Indirect immunofluorescence microscopy on 1-mol/L salt-split skin. Circulating IgG autoantibodies bind to the basement membrane zone of nonseparated skin and to the epidermal side of split skin (patient 2) (×250).

MATERIALS AND METHODS
SERUM SAMPLES

Serum samples were obtained from 2 infantile patients with BP at different stages of the disease, reference adults with BP, 2 healthy control subjects, and rabbit 594 and rabbit 136 immunized with recombinant GST-NC16A2-4 and recombinant fusion protein 4575 encompassing 49 amino acids of the C-terminus of BP180, respectively.10 Monoclonal antibody 123 is directed to the 120-kd soluble ectodomain of BP180.15

IF MICROSCOPY

Perilesional skin biopsy samples were stained with fluorescein isothiocyanate–labeled antibodies to human IgG, IgM, IgA, and C3. For indirect IF studies, 1-mol/L salt-split normal human skin was used as a substrate.16

PREPARATION OF EXTRACTS, IMMUNOBLOT ANALYSIS, AND IMMUNOADSORPTION PROCEDURES

Preparation of 120-kd soluble ectodomain of BP180 and extracts of cultured human keratinocytes was performed as described previously.17,18 Recombinant GST fusion proteins, including GST-NC16A1, GST-NC16A2, GST-NC16A2.5, GST-NC16A3, GST-NC16A1-3, GST-NC16A2-4, GST-NC16A2-5, GST-NC16A1-5, and 4575 (Figure 1), were expressed in Escherichia coli DH5α and affinity purified using glutathione agarose beads (Sigma-Aldrich Corp, St Louis, Mo).10 Native and recombinant proteins were fractionated by sodium dodecyl sulfate–polyacrylamide gel electrophoresis and electrophoretically transferred to nitrocellulose. Immunoblot analysis with childhood BP and control serum samples was performed as described previously.9,10 Bound autoantibodies were visualized enzymatically using peroxidase-conjugated antibodies at the following dilutions: rabbit antihuman polyclonal IgG, 1:15 000 (DAKO, Glostrup, Denmark); sheep antihuman IgE, 1:100; mouse antihuman IgG1 (clone 8c/6-39), 1:1000; antihuman IgG2 (clone HP6014), 1:500; antihuman IgG3 (clone HP6050), 1:200; and antihuman IgG4 (clone HP6023), 1:4000 (all from Binding Site, Birmingham, England). Specificity and sensitivity of the monoclonal antibodies was described previously.19 Immunoadsorptions were performed using a liquid phase protocol.20 Briefly, to study reactivity with NC16A region 4, BP serum samples were preadsorbed with fusion protein NC16A1-3 and then analyzed for immunoblot reactivity with fusion protein NC16A2-4. To assay reactivity with NC16A region 5, serum samples were preadsorbed with GST-NC16A2-4 and subsequently tested for reactivity with GST-NC16A2-5.

ELISA

The ELISA using BP180 NC16A as the target antigen was performed as described previously.21 Briefly, wells were coated with affinity-purified forms of recombinant GST-NC16A1-5 and recombinant GST, respectively. Subsequently, wells were incubated with patient and control serum samples, and bound antibodies were visualized by peroxidase-conjugated rabbit antihuman IgG (DAKO).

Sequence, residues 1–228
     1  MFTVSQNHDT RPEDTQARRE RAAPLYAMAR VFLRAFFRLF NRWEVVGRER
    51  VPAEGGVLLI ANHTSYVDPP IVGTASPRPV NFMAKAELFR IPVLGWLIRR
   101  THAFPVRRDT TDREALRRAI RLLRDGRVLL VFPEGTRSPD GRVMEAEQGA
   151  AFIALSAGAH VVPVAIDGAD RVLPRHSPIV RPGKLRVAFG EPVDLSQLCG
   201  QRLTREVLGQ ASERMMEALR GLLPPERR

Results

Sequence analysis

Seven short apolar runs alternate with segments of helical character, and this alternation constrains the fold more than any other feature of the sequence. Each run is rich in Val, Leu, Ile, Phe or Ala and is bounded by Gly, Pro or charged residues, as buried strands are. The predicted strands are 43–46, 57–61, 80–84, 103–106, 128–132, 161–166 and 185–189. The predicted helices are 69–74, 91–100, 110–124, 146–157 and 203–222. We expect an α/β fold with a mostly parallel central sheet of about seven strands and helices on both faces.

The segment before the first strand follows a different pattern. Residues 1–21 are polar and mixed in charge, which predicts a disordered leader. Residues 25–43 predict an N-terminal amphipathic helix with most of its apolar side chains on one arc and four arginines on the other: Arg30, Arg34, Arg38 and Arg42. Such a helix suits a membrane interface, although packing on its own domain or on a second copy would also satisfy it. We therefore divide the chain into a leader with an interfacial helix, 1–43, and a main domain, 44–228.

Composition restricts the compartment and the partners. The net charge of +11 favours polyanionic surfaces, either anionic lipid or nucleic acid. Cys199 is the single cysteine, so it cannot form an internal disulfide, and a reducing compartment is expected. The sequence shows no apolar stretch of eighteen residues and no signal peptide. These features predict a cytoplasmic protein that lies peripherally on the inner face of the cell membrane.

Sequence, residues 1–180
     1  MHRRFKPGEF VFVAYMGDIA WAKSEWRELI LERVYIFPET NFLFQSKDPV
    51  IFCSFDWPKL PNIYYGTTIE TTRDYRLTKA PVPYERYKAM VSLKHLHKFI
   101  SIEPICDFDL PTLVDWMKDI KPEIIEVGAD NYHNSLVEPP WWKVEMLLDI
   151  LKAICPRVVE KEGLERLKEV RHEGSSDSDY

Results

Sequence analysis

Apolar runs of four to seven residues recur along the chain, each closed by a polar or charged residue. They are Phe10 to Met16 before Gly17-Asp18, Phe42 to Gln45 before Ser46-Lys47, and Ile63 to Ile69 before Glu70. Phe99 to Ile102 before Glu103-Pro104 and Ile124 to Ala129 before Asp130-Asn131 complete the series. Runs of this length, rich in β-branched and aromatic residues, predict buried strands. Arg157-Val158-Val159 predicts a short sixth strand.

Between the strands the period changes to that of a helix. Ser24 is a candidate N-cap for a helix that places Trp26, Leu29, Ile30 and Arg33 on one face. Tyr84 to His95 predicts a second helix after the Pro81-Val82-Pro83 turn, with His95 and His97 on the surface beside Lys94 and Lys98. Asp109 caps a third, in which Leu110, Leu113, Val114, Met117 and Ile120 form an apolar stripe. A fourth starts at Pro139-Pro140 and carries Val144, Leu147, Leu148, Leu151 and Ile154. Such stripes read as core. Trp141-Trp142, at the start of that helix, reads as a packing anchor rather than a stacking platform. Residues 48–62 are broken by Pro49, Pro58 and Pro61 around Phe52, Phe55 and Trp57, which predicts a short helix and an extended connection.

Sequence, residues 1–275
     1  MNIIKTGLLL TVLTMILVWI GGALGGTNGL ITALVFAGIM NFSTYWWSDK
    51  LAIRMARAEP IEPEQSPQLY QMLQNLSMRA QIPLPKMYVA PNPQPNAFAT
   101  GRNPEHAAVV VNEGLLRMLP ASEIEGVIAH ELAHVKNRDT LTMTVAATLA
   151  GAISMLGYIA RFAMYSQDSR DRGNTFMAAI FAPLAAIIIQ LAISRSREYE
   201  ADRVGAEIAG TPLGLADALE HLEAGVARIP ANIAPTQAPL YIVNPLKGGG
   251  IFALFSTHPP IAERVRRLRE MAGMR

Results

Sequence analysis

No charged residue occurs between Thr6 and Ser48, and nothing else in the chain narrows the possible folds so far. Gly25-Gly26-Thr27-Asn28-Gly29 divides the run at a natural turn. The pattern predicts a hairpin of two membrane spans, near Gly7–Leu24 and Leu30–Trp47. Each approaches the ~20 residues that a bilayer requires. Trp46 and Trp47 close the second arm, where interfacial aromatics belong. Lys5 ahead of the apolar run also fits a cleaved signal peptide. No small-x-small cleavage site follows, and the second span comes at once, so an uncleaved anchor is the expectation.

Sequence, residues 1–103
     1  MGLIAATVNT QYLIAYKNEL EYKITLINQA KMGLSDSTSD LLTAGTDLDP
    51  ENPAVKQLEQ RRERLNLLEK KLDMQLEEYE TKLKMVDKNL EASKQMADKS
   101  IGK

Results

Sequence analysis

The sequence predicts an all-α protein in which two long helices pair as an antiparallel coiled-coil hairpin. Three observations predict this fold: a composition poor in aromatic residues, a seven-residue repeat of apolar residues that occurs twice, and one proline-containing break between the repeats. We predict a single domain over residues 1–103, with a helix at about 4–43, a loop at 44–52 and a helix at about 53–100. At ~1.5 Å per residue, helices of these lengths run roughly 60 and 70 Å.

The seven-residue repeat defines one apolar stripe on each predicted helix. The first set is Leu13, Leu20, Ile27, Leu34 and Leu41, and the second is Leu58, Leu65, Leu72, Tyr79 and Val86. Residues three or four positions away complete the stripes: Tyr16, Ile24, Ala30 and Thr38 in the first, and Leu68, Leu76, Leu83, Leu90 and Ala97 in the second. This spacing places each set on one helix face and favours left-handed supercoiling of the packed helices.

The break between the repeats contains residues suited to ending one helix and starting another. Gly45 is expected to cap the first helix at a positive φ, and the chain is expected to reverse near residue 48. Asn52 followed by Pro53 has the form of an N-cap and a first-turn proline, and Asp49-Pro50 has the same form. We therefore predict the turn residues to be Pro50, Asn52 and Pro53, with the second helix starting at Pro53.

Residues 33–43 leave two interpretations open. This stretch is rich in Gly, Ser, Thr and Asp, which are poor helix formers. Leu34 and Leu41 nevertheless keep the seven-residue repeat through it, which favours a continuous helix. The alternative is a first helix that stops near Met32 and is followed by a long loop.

RESULTS
IMMUNOBLOTTING OF NATIVE FORMS OF BP180

By immunoblotting, serum samples from the 2 patients with childhood BP (patients 1 and 2) demonstrated weak reactivity with a 180-kd protein of cultured human keratinocytes that was strongly detected by reference control serum samples from adults with BP and by rabbit serum 594 directed to BP180 NC16A2-4. No reactivity of the 2 childhood BP serum samples with BP230 was observed (data not shown). In addition, serum samples from patient 2 reacted with a 120-kd protein present in concentrated keratinocyte culture medium. This immunoreactive band comigrated with LAD-1, the 120-kd soluble fragment of BP180, which reacts with monoclonal antibody 123 and with rabbit serum samples 136 and 594 (Figure 6).

Figure 6.
Childhood bullous pemphigoid (BP) serum (patient 2) reacted with the soluble 120-kd ectodomain of BP180 (LAD-1) that was also strongly recognized by rabbit serum 594 (R594) and serum from an adult with BP (BP-DO). Childhood BP serum (patient 1) and normal human serum (NHS) remained unreactive with this protein.

Childhood bullous pemphigoid (BP) serum (patient 2) reacted with the soluble 120-kd ectodomain of BP180 (LAD-1) that was also strongly recognized by rabbit serum 594 (R594) and serum from an adult with BP (BP-DO). Childhood BP serum (patient 1) and normal human serum (NHS) remained unreactive with this protein.

IMMUNOBLOTTING OF RECOMBINANT FORMS OF BP180 NC16A

Both childhood BP serum samples, control serum samples from adults with BP, and rabbit serum 594 reacted with the full-length BP180 NC16A domain (NC16A1-5) by immunoblotting. Subsequently, immunoblot reactivity of childhood BP serum samples was assayed with different recombinant fragments of BP180 NC16A, each approximately 15 amino acids in length (Figure 7). Both childhood BP serum samples reacted with NC16A1, NC16A2, NC16A3, and the junction of NC16A regions 2 and 3 (NC16A2.5). Immunoadsorption studies, as outlined in the "Materials and Methods" section, demonstrated that the 2 serum samples did not contain antibodies to regions 4 and 5 of NC16A. The serum samples did not react with the fusion protein 4575 representing a C-terminal portion of the BP180 ectodomain, which was recognized by rabbit serum 136 (data not shown).